The Sustainable Development Goals challenge markets, regulators and practitioners to identify where and how to act to achieve water, food and energy security.
This challenge calls for responses that are coordinated among the water, food and energy sectors and applied at the appropriate scale – local, national, regional or global. Yet compromise and cooperation between the sectors has been patchy so far and the ability to integrate policies remains limited.
‘Nexus thinking’ is a concept recognising that water, food and energy sectors are interdependent and must be viewed as one system. The water-energy-food nexus could support much-needed building of links between the 17 separate and, at times, conflicting SDGs.
The nexus concept has gained momentum with some private, public and civil society actors because it addresses the complex trade-offs involved in managing water, food and energy resources. There are concerns that blinkered development of resources in one sector reduces the effectiveness of planning and management systems to deliver a sustainable flow of basic resources, creating water, food and energy risks.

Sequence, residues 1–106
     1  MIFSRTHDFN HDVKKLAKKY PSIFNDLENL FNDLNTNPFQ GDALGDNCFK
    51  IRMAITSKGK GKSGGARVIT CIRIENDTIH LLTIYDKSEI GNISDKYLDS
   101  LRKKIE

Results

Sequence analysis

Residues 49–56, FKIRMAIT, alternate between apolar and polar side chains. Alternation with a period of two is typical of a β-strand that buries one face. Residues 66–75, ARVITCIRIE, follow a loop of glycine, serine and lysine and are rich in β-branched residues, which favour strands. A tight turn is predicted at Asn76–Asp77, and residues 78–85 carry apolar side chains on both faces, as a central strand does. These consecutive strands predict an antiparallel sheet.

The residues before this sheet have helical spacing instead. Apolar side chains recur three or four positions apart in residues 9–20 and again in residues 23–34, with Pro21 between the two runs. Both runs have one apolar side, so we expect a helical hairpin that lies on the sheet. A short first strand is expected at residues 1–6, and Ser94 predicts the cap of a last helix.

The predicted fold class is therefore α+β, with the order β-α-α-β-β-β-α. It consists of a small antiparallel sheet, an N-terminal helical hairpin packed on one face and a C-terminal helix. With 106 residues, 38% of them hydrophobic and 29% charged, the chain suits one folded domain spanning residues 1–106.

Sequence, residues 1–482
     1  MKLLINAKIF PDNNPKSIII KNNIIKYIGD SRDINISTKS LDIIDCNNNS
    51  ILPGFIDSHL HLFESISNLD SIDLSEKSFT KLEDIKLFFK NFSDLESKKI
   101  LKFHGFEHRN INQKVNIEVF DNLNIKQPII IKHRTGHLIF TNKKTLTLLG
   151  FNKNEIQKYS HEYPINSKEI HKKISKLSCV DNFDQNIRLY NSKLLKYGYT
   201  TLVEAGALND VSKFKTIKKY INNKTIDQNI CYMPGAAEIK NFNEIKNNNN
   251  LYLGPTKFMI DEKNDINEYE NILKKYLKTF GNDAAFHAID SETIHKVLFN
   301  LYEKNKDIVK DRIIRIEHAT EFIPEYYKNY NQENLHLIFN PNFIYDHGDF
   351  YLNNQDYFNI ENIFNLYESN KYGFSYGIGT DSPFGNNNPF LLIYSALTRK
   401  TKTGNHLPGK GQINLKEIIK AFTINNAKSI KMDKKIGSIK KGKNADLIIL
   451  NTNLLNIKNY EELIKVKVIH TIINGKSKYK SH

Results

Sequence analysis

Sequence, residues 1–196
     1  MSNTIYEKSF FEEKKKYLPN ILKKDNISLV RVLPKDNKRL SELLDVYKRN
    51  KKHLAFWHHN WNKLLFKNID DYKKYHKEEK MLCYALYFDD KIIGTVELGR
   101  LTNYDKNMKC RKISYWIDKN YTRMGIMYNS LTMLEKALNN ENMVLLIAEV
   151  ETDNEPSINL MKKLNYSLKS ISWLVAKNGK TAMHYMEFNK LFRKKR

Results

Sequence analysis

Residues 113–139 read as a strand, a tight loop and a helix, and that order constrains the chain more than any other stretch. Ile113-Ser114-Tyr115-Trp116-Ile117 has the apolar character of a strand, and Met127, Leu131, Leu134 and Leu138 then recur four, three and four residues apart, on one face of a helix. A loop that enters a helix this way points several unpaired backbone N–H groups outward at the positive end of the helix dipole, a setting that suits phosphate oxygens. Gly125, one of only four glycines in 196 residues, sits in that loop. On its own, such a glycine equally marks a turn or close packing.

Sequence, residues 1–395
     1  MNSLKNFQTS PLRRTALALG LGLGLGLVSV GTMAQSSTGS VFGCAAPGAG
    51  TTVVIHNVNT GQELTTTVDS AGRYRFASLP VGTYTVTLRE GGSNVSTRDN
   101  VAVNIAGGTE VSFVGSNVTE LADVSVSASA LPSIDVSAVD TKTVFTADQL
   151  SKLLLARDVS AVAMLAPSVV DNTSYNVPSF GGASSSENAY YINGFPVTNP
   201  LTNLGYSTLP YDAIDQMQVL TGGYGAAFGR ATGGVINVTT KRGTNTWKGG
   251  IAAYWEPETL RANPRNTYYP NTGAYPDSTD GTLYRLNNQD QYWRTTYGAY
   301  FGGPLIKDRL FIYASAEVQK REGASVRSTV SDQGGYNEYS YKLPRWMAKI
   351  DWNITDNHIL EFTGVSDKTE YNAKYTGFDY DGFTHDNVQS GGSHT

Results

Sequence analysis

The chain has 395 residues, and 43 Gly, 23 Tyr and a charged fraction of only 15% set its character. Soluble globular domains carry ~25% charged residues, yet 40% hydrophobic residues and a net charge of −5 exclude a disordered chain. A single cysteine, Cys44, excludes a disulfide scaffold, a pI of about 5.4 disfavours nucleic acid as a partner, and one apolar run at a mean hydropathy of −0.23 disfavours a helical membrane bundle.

Risks are inherent to systems in which different sub-sectors share similar types of resources and face similar uncertainty. Identifying and measuring these shared risks may be a new way to generate improvements in governance and capacity. Incentives for joint action are stronger when risk cannot be managed or mitigated by one sector alone.
A paper recently published in the journal Current Opinion in Environmental Sustainability argues that knowing why policy makers make certain choices and what they can do is critical before suggesting solutions.
“This is a great example of the power of convening leaders from across science, policy and practice to rapidly analyse an issue and see a way forward”
Louise Gallagher, Research Programme Head with the Luc Hoffmann Institute (LHI), is the paper’s coordinating author. She says: “We looked critically at how the nexus concept must develop if it is to become helpful in guiding action towards achieving the Sustainable Development Goals.”
This paper, the result of an 18-month team effort by a range of partners, is an important contribution to efforts to bridge science and policy says Gallagher. It is a foundation stone for LHI’s Linked Indicators for Vital Ecosystem Service (LIVES) project which is developing participatory methods for identifying, measuring and planning for food-energy-water nexus risks in rapidly changing and uncertain conditions.
Read the paper here.